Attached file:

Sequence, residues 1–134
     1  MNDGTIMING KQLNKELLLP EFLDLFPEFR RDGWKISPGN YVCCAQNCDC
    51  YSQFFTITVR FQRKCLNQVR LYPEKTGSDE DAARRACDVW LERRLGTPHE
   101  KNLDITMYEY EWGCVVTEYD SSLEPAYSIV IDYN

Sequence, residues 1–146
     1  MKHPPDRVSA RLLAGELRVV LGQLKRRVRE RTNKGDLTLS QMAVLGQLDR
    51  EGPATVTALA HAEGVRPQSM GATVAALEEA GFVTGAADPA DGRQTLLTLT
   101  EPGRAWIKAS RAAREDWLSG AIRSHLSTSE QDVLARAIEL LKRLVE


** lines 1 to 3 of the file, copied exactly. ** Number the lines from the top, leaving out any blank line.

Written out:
Sequence, residues 1–134
     1  MNDGTIMING KQLNKELLLP EFLDLFPEFR RDGWKISPGN YVCCAQNCDC
    51  YSQFFTITVR FQRKCLNQVR LYPEKTGSDE DAARRACDVW LERRLGTPHE